The Search For A Valid Methodology Of Human Action

How Economic Thinking Can Benefit Consumers, Managers, and Entrepreneurs (Part 7)

Barry L. Linetsky

The term praxeology is used to convey the general scientific study of human behaviour as differentiated from the study of the clockwork deterministic physical scientific world of natural stuff void of consciousness. 

Praxeology is the study of purposeful human behaviour in its widest context, of which economics remains its most developed discipline. In general, praxeology attempts to deal with the study of purposeful human action through observation and logic (deductive and inductive) to discover and derive general principles and rules of action in human production and consumption, and more generally. Praxeology as such provides practical guidance in the human pursuit of values. Economist Ludwig von Mises titled his great treatise on economics Human Action, which begins with a discussion of praxeology and its central importance to a proper methodology of economics. 

In a related matter, it is a popular idea of our times that the study of the social behaviour of beings possessing freewill is not “scientific” because such studies don’t conform to applying the methodologies of the hard sciences under a strict paradigm of causal determinism appropriate in the study of physics. This idea that only the study of materialism using the scientific method appropriate to physics, thereby excluding the validity and value of social sciences and the study of purposeful behaviour, was referred to by Nobel economist Friedrich Hayek (1899-1992) as the “fallacy of scientism.” He wrote extensively about this in his important treatise The Counter-Revolution of Science.

The general principles of praxeology and the avoidance of scientism are applicable to all aspects of the study of human action, including, of course, business management. The appropriate principles and methodologies to study human action aren’t well developed and applied in the area of business because business leaders find more value in spending their time pursuing wealth-generating endeavours that ultimately consumers desire and deem valuable, than they do organizing and funding social science research projects. For the most part, prime-movers and entrepreneurial leaders avoid spending their time researching and writing about what they perceive to be “non-practical” and “theoretical” topics and related philosophical and methodological issues that are actually of vital importance with profound implications to running a successful business.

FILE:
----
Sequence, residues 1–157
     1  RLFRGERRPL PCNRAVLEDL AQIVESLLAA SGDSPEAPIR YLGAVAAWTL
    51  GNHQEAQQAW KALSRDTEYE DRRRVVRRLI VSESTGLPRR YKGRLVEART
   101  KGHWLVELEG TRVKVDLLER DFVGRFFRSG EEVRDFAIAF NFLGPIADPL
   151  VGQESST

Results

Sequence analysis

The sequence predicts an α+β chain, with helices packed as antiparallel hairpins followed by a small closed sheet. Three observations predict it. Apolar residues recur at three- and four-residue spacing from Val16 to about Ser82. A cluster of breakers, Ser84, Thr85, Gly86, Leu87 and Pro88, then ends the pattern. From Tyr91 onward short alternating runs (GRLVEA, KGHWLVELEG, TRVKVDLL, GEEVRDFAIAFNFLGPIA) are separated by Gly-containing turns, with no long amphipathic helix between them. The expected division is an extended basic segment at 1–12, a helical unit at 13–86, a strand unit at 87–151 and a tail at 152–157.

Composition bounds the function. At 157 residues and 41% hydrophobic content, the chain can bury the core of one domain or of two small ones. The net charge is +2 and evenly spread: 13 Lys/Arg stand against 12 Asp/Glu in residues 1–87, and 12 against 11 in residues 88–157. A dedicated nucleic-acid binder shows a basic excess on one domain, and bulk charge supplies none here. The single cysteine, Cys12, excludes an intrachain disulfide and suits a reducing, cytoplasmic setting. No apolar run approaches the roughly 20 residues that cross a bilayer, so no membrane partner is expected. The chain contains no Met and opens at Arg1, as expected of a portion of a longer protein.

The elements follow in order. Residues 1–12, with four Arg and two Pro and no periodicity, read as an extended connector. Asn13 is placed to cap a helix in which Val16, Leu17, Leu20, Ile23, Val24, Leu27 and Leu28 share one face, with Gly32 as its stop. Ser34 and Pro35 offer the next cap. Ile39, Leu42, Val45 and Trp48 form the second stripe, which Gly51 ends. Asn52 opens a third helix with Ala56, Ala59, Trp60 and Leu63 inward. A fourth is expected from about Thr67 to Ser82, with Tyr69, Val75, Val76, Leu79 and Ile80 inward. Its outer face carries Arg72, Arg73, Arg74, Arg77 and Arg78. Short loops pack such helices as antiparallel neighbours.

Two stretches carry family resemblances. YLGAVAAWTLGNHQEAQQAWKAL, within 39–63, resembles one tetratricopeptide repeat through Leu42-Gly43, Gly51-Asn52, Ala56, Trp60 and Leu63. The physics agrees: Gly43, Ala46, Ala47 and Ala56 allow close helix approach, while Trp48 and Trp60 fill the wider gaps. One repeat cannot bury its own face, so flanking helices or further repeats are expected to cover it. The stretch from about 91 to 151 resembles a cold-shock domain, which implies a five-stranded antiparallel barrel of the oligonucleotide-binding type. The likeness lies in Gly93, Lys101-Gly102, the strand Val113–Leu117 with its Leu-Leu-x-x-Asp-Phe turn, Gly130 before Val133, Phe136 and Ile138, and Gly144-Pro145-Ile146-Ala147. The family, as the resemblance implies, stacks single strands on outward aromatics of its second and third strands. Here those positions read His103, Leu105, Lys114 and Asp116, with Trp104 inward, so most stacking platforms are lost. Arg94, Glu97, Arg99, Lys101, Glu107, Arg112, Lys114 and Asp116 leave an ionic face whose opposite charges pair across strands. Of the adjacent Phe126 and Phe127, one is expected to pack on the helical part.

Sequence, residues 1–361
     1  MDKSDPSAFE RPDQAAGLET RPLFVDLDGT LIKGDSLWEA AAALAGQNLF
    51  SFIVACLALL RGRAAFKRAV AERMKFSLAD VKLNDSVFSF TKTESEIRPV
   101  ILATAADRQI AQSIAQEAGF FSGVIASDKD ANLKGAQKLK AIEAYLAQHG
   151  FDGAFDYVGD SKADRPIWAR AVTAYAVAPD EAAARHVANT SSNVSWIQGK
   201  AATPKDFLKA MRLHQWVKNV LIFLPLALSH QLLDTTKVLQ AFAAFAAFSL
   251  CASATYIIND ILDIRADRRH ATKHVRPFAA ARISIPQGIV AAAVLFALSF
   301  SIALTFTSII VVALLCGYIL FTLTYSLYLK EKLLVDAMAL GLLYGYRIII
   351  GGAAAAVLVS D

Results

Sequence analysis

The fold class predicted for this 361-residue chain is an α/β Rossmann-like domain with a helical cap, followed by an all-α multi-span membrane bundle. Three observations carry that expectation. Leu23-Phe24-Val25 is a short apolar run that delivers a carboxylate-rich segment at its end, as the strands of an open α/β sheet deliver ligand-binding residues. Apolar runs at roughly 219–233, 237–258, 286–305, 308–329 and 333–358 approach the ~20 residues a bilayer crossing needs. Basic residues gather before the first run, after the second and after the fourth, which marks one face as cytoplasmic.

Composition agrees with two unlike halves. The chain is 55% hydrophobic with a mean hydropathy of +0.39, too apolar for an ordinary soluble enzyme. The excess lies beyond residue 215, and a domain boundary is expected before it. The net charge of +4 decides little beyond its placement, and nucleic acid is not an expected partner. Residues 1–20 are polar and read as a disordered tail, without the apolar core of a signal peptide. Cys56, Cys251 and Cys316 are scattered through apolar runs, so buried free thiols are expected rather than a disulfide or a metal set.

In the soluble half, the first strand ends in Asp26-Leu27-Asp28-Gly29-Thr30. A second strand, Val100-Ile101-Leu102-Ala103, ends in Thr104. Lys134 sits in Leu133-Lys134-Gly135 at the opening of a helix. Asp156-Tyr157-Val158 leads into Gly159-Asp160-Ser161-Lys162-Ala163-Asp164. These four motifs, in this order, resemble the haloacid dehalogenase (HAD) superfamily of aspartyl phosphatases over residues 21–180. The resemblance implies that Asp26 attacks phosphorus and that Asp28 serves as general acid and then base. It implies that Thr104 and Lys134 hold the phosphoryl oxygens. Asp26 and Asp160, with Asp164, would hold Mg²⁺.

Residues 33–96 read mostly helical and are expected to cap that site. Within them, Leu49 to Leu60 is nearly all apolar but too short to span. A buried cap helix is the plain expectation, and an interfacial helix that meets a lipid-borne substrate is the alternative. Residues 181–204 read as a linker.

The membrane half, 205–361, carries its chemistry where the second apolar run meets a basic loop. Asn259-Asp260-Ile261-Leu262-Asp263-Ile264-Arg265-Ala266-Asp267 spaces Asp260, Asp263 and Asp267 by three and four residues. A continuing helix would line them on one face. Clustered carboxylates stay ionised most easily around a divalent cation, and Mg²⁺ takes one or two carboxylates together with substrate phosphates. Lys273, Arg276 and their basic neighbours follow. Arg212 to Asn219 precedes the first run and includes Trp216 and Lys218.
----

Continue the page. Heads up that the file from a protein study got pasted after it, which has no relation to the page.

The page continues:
A valid methodology and “theory of human behaviour,” especially that which can be found in economics and is associated with the methodology of praxeology, is essential for improving the odds of successful human action because it provides us with guidance about the proper way to think about connecting our ideas to our actions as we strive to achieve the outcomes we desire. Economist and venture capitalist Hunter Hastings has been investigating the connection between praxeological methodology and entrepreneurship in his popular podcast “Economics for Entrepreneurs.”

A general foundation in valid philosophic thinking is also essential to understanding and validating connections between thought, values, actions, and desired outcomes.

The HBR article “Management is Much More than a Science” by Roger L. Martin and Tony Golsby-Smith touches on these points and reminds us of an important distinction between data as the cornerstone of scientific investigation, and applied logic, imagination and discovery as the foundation of problem-solving. Both together are required to serve human well-being. They write, “Natural science explains the world as it is, but a story can describe a world that does not yet exist.” 

© 2019, Barry L. Linetsky. All Rights Reserved. 

Barry Linetsky is a Partner with The Strategic Planning Group in Toronto, Canada, where he and his colleagues have been helping executives and owners align their business purpose with customer values since 1994. Barry is the author of the acclaimed book The Business of Walt Disney and the Nine Principles of His Success (Theme Park Press), and an Honorary Disney History Institute Historian. Barry is also a writer, photographer, researcher, and business strategy enabler. Read his blog and learn more at

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